Although it’s not as romantic nor as much fun as playing human beings, you will improve markedly if you play regularly, especially if you play in ‘tutor mode’, displaying all your mistakes as you go along.
These computers really do have the answers as to what is the best move because they are ‘neuro-nets’ which means that they constantly improve their performance by learning from experience tens of thousands of times. In a way, all of the thinking behind our checker and cube play is really a series of stories we tell ourselves to explain what is scientifically proven by computers.
If you had the chance to play against the world champion or a beginner, which would you choose? In boxing, you might prefer to take on the novice, but in backgammon, the answer is always to take on the champ and see how you get on. This is even more appropriate when playing against the computer for two reasons:
Firstly, if you win you really are achieving something and not kidding yourself into thinking you’re good by winning against the program’s beginner level. If you play against the computer on its beginner setting, it makes hilariously unrealistic and poor moves.
Secondly, as well as noting your own moves, you’ll have a masterclass from a brilliantly ruthless machine whose every move you can watch and learn from. At times, it will do things that might surprise you; at this point you can take a step back and try to figure out why it has made a particular move. Every move it makes is an excellent learning opportunity.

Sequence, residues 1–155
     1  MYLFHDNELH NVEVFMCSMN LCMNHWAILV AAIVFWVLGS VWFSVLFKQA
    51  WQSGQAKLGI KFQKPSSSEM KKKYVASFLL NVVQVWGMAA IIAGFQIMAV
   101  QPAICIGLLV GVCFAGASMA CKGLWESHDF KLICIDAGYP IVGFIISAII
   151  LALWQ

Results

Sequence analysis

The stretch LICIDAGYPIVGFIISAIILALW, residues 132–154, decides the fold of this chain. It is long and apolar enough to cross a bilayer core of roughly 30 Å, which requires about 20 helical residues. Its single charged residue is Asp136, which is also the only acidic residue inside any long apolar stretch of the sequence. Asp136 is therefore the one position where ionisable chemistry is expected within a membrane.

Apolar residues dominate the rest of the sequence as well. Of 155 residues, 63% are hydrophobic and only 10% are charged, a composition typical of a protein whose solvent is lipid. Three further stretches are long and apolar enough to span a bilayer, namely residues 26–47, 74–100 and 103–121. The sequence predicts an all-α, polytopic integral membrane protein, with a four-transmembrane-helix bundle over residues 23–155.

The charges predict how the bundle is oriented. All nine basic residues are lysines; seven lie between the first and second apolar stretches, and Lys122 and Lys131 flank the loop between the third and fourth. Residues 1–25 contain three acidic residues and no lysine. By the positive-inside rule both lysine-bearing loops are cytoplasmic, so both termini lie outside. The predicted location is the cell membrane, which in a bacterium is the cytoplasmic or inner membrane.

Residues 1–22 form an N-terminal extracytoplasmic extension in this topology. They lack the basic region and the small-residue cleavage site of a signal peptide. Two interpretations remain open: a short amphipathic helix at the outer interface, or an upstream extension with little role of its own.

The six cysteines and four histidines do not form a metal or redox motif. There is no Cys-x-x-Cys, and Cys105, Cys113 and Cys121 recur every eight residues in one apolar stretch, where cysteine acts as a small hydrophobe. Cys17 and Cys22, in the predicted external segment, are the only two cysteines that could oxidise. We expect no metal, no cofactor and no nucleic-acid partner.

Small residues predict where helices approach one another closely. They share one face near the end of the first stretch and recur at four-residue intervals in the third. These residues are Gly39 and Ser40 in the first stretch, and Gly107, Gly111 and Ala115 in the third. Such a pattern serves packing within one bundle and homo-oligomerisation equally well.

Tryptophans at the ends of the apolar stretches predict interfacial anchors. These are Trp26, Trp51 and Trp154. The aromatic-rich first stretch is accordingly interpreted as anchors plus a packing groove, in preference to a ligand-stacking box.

There used to be a column in the Sunday Express called Keep a Six Off Your Card. It was a weekly prize for amateur golfers who could play a round of golf without shooting more than a 5 on any hole This is not nearly as easy as it sounds because most amateurs will have a bad couple of holes, even if they do well on most of them. If you manage it, it’s considered a highly acceptable round and you’ll be seen as one to beat.
You can apply the ‘keep a six off your card’ challenge to backgammon. When you’re playing against XG, you can go wrong in three categories: ‘error’, ‘blunder’ and ‘huge blunder’. If you can play a match and avoid making any huge or regular blunders (i.e. keeping all blunders off your proverbial card), you will be playing at a very high standard indeed. I don’t believe it’s possible to play a match of reasonable length either against a human being or a machine without making some errors.
As soon as you start making blunders you will lose matches far more frequently against good players and if you make huge blunders you will be taken to the cleaners. Errors are less devastating though, just think hard about each move and just try to avoid blunders you will be amazed how fast your game improves.